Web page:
Home is Where Her Art Lies
Nadiah Rivera Fellah (Ph.D. ’19, Art History) was a senior at Oberlin College in her home state of Ohio when she had the chance to curate a show at the campus art museum. Fellah says for her, “that was it.” She had found her career. She developed it as a doctoral student at The Graduate Center where she specialized in Latin American and Latinx art with her adviser, Professor Anna Indych-López (GC/City University of New York, Art History). Starting with a fellowship through the Mellon Foundation, she gained curatorial experience at The Graduate Center’s James Gallery and at the Newark Museum.
Last November, having completed her degree and a dissertation on the role of photography in stories of migration in the US-Mexico borderlands, which tapped into a hot topic at the time, she became associate curator of contemporary art at the Cleveland Museum of Art. Although the museum has begun reopening, she and other staff are working primarily from home.
The Graduate Center asked Fellah about her research, the role of a curator, and what advice she might offer graduate students.
The Graduate Center: Your dissertation grew out of your own family's history.
Fellah: Yes, my mom is from Texas and grew up in the borderlands. Her family was there for so long that it was like the border crossed them instead of them crossing the border. I felt a very deep personal connection to that project. And I think that helped me, ultimately, to finish because the stakes were higher and I believed in the importance of it. And that helped a lot with getting in touch with artists and their families and getting access to archives.
GC: Your father's heritage is Middle Eastern.
Fellah: My dad, being the first-generation child of immigrants, absolutely changed the way that I thought about how I could envision working with arts from different parts of the globe and also how I could connect contemporary art to a more diverse audience. Just coming from a working-class immigrant family, you know, we're not the stereotypical people that you expect to go into museums that much. So I really want to make sure that I connect with an audience that isn't academic or doesn't have English as the first language. How can we create an experience or shows or artwork that have lines of connection to multiple different communities and types of visitors?
GC: Tell us about your work as a curator at the Cleveland Museum of Art.
Fellah: The first project when I came in was to reconceive of reinstalling the permanent collection in the contemporary galleries. I'm working on that with the curator of contemporary art, and we're also making some acquisitions to fill some gaps in the collection, trying to bring in more diverse and younger artists.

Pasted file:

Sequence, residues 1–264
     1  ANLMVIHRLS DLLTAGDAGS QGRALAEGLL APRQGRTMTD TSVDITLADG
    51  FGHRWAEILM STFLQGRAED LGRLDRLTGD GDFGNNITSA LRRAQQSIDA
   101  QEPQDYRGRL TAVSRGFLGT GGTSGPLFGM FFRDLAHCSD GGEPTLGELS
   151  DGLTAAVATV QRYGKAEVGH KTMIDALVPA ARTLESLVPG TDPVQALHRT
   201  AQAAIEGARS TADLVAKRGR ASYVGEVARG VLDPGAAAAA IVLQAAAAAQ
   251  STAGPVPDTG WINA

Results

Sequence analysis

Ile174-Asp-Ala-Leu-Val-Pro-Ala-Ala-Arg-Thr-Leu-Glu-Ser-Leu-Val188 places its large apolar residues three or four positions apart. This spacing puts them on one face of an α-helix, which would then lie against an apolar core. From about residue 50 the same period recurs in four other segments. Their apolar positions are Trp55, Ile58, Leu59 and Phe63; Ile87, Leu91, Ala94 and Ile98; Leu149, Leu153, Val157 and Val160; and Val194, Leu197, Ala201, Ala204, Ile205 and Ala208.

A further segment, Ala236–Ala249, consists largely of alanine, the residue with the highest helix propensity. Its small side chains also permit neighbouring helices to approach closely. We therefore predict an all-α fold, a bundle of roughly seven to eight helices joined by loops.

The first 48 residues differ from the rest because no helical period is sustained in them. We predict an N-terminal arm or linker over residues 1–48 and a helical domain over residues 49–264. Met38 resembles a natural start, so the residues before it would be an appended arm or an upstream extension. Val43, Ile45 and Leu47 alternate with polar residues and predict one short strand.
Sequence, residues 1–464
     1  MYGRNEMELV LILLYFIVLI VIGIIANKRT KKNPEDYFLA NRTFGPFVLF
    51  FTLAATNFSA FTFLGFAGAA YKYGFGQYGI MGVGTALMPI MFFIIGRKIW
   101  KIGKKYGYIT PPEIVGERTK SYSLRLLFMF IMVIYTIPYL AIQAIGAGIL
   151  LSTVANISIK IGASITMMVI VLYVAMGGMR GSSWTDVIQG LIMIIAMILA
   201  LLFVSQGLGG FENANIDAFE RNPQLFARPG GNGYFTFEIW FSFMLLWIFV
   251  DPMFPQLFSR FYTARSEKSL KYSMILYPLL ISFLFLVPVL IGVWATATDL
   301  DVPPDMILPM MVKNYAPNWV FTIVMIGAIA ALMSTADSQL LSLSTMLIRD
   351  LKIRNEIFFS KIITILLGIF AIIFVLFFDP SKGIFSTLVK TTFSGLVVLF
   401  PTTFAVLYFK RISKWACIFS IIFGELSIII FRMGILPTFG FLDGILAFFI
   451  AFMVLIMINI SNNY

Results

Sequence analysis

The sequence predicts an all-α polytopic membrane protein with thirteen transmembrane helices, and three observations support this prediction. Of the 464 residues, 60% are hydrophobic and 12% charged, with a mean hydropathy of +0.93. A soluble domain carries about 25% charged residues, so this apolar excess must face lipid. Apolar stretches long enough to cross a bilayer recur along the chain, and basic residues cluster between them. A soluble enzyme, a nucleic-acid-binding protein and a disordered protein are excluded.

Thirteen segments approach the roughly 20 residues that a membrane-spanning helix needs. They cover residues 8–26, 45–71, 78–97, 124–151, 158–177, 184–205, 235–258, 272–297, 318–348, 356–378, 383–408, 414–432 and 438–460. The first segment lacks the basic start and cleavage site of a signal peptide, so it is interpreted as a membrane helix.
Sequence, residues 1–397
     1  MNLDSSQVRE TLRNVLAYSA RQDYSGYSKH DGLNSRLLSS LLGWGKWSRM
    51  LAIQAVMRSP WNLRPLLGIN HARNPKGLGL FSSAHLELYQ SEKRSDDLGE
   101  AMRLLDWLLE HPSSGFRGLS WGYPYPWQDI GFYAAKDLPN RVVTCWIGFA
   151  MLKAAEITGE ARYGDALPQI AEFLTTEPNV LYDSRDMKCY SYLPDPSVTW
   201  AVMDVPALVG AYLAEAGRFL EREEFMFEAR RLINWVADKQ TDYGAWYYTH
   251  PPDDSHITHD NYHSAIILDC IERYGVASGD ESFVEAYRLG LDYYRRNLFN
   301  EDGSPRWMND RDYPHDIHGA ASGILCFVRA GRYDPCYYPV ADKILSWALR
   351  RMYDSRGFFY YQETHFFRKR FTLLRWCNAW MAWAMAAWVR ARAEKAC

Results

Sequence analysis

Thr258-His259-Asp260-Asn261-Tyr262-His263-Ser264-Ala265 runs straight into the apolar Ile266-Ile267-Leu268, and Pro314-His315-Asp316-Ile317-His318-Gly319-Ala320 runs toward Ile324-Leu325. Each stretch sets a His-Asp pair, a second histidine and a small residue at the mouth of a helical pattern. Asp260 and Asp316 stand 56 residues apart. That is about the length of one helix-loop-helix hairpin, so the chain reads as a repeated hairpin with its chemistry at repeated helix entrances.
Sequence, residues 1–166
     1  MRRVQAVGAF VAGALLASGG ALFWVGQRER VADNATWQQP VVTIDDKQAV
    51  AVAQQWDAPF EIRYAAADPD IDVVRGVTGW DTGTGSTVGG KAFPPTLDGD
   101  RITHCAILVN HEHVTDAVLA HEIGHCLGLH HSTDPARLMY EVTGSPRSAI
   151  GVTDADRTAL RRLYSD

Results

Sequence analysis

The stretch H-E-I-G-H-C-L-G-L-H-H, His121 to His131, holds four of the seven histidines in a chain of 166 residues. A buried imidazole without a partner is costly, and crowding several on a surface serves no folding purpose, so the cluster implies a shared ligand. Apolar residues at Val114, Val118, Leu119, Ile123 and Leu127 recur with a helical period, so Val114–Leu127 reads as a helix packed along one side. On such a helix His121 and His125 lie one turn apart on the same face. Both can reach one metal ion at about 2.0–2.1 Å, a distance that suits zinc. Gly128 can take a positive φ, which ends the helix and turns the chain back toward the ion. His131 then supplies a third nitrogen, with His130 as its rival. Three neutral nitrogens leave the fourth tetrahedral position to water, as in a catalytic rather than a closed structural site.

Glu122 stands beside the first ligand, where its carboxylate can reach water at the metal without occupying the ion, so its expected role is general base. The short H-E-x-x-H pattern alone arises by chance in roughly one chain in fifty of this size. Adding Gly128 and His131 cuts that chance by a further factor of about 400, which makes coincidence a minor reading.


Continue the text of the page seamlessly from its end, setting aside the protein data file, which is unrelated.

The contemporary collection is not that large at the Cleveland Museum of Art and in recent years, they've wanted to build it in a more global direction. When they were searching for someone to fill the position, they were interested in someone who had a global focus. My specialization in American and Latinx art ultimately was my path to getting the position.
GC: Has your work changed since the start of the pandemic?
Fellah: I have been involved in the production of more digital content for the museum's website, which is new. Otherwise my projects have stayed the same.
The events of the last few months have reinforced my interest in focusing on our local community, and this has been a trend across departments at the Cleveland Museum of Art. I'm looking forward to being involved in initiatives that deepen this commitment as projects that I'm working on progress.
GC: Any advice for Graduate Center students interested in becoming curators?
Fellah: I would say that finishing your degree is the number one thing. Staying the course and being practical about the parameters of your dissertation and choosing topics that can be finished.
And you know, life happens. I had twins before I graduated. Oh my gosh, that was a hurdle and a delay in finishing. But I stuck with it and I had incredible support from my adviser and professors.
After that I'd say it’s making connections, taking advantage of opportunities given, and applying for fellowships. Having a wide knowledge base is key for curatorial work. Take those opportunities and see where they can take you.
Submitted on: SEP 14, 2020
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